Findings Provide Insights for Enterprises Adopting Dual-Browser Strategies
AUSTIN, Texas – October 12, 2017 – NSS Labs, Inc., a global leader and trusted source for independent fact-based cybersecurity guidance, today announced the release of its Web Browser Security Comparative Reports. The reports reveal how effective web browsers are at protecting users from socially engineered malware (SEM) and phishing attacks. To minimize exposure to emerging threats, enterprise have begun to limit the use of legacy browsers to internal and legacy applications. This has necessitated the adoption of other more modern browsers, resulting in a dual-browser strategy. For enterprises implementing this strategy, the NSS Labs Web Browser Comparative Reports provide insights regarding which modern browsers offer a secure browsing experience.
Web browsers are the first line of defense against web-based attacks, and according to the Verizon 2017 Data Breach Investigations Report, they are the second most common entry point for ransomware—one of the most common forms of malware plaguing users and enterprises. To measure browser effectiveness, NSS Labs conducted a series of tests focused on block rate, consistency of protection, and early protection against new threats. For 2017, cross-platform tests on desktops and tablets were added to verify security efficacy and consistency across devices. Test results indicate that regardless of platform, browsers are more effective at blocking SEM than phishing attacks.
For many years, the use of social engineering has accounted for the majority of cyberattacks targeting both consumers and enterprises. SEM attacks use a dynamic combination of social media, hijacked email accounts, false notification of computer problems, and other deceptions to encourage users to download malware. Industry experts estimate that 97% of malware is trying to trick a user through some type of social engineering scheme, and 93% of phishing emails are ransomware.
Phishing attacks are forms of fraud that gain the trust of users by masquerading as reputable entities to steal login credentials or sensitive account information. Examples of common approaches include an email designed to look like the sender is a credible organization or a disguise that makes the email appear as if it is from someone trusted inside a company, such as the IT department. In the last year alone, more than 1.2 million phishing attacks were reported—a 65% increase over the previous year.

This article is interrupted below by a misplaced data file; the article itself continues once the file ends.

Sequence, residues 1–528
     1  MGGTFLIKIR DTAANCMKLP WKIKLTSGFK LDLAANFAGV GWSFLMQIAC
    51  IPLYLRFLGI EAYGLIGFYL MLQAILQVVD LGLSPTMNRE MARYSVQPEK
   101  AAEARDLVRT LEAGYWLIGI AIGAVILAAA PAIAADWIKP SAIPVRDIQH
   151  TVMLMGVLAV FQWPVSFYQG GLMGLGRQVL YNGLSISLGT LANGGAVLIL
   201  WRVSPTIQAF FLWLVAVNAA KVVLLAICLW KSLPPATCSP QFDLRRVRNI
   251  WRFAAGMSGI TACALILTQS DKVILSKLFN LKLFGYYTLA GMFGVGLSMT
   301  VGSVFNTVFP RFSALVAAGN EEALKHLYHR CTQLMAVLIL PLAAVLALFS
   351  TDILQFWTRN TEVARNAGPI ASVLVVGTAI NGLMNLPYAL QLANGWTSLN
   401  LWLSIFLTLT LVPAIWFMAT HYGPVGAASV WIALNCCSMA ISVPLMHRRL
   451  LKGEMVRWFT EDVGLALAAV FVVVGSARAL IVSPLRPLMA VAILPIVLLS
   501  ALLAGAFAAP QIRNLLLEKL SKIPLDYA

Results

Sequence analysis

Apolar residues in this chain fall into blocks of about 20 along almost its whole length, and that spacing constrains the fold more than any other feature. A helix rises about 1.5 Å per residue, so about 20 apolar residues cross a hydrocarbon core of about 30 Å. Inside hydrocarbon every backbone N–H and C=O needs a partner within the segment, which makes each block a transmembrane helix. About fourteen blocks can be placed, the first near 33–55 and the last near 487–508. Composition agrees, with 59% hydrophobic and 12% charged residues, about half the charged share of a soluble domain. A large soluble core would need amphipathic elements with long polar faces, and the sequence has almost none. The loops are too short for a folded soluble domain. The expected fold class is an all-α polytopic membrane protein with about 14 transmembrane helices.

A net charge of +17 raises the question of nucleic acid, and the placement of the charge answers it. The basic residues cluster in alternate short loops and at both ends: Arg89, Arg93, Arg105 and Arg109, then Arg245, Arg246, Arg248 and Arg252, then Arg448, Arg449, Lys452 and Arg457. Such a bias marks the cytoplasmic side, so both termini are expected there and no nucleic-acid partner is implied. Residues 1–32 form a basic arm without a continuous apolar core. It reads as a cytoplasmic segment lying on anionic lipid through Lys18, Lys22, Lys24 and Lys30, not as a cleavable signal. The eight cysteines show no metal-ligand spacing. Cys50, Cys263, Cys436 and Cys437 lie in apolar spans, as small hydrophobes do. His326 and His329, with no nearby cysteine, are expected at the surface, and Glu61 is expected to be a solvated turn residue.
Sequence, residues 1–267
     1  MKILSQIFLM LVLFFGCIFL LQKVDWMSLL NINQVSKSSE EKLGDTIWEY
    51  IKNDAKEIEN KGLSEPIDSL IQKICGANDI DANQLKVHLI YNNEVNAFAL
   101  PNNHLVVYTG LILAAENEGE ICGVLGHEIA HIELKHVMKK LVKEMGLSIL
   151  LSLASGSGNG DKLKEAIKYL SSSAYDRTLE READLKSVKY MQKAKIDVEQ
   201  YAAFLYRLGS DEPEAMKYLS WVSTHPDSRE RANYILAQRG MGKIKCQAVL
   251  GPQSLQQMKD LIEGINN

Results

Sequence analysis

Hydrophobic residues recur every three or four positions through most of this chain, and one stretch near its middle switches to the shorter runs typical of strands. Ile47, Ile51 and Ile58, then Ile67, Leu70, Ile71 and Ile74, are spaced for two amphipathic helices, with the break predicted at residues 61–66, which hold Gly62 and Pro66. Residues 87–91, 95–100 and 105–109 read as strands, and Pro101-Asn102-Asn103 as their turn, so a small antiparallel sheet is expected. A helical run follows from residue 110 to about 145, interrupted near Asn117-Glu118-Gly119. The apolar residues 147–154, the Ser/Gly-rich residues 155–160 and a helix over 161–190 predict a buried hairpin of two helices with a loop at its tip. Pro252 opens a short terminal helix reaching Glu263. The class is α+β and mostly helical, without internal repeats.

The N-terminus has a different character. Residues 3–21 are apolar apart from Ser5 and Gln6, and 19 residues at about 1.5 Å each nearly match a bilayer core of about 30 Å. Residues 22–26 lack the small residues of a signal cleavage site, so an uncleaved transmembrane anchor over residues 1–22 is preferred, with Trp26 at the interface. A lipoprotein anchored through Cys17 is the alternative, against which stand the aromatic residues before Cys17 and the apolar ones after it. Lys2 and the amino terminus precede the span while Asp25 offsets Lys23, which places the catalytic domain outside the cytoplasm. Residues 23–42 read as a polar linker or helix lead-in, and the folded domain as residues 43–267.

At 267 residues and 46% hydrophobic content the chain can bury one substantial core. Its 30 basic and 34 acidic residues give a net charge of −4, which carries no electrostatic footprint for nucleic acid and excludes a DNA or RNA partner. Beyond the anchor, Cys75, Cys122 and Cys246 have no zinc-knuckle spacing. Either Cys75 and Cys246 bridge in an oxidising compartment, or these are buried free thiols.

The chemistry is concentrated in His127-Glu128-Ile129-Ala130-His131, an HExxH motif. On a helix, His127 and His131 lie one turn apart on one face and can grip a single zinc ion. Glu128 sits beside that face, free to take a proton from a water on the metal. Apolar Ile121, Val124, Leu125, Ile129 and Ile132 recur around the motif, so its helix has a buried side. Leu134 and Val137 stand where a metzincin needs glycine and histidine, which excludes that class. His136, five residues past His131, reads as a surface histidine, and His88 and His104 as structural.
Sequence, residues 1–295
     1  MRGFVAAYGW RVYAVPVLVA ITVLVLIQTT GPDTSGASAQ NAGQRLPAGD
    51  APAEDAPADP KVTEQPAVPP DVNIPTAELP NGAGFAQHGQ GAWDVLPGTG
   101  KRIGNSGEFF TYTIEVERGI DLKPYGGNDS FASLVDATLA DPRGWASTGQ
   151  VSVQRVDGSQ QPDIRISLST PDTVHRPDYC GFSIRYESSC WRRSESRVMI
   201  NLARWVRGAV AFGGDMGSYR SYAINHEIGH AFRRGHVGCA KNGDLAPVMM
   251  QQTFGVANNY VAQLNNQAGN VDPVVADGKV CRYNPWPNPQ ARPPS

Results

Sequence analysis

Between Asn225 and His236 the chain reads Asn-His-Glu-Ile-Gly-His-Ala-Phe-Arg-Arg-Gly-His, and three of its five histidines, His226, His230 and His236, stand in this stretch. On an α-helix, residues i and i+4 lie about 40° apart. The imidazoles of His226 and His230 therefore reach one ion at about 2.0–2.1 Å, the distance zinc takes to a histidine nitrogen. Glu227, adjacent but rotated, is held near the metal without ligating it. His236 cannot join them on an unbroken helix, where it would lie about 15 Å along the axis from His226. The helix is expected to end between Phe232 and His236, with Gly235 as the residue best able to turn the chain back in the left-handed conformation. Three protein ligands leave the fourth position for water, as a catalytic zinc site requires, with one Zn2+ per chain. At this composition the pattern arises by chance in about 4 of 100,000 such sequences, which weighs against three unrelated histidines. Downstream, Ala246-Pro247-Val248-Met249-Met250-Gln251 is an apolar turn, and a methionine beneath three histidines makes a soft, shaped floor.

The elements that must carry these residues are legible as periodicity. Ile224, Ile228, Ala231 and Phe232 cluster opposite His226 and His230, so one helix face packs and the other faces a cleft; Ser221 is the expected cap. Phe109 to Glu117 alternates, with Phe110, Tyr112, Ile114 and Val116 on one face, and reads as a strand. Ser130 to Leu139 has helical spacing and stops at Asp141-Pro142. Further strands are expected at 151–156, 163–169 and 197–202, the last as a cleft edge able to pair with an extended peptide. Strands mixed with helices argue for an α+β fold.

To protect against malware, leading browser vendors provide cloud-based reputation services, which scour the Internet for malicious websites and then categorize content accordingly, either by adding it to blacklists or whitelists, or by assigning it a score. The time taken for these cloud-based reputation service updates are an integral part of the test.
“Web browsers are the primary interface used to consume information and are among the most common entry point for attackers,” said Jason Brvenik, Chief Technology Officer at NSS Labs. “Enterprises are increasingly adopting a bifurcated browser strategy to reduce exposure to emerging threats. Our test findings provide valuable insights that empower informed decision making and help both enterprises and users minimize risk for a secure browser experience.”
Google Chrome: Version 60.0.3112.113
Microsoft Edge: Version 40.15063.0.0
Mozilla Firefox: Version 55.0.3
Key findings include:
SEM testing results showed high block rates, zero-hour protection, and time-to-block capabilities
- SEM blocking rate ranged from 70.1% to 99.5%
- Zero-hour protection ranged from 53.8% to 99.8%
- One browser showed a high consistency of protection through the test
Phishing testing results showed protection capabilities improved over time
- Phishing block rates ranged from 61.1% to 92.3%
- Zero-hour protection ranged from 50.7% to 81.8%
- Throughout the test, consistency of protection varied for all browsers
For more information on the NSS Labs Web Browser Security Comparative Reports and the test methodologies used, or to purchase reports, click here.
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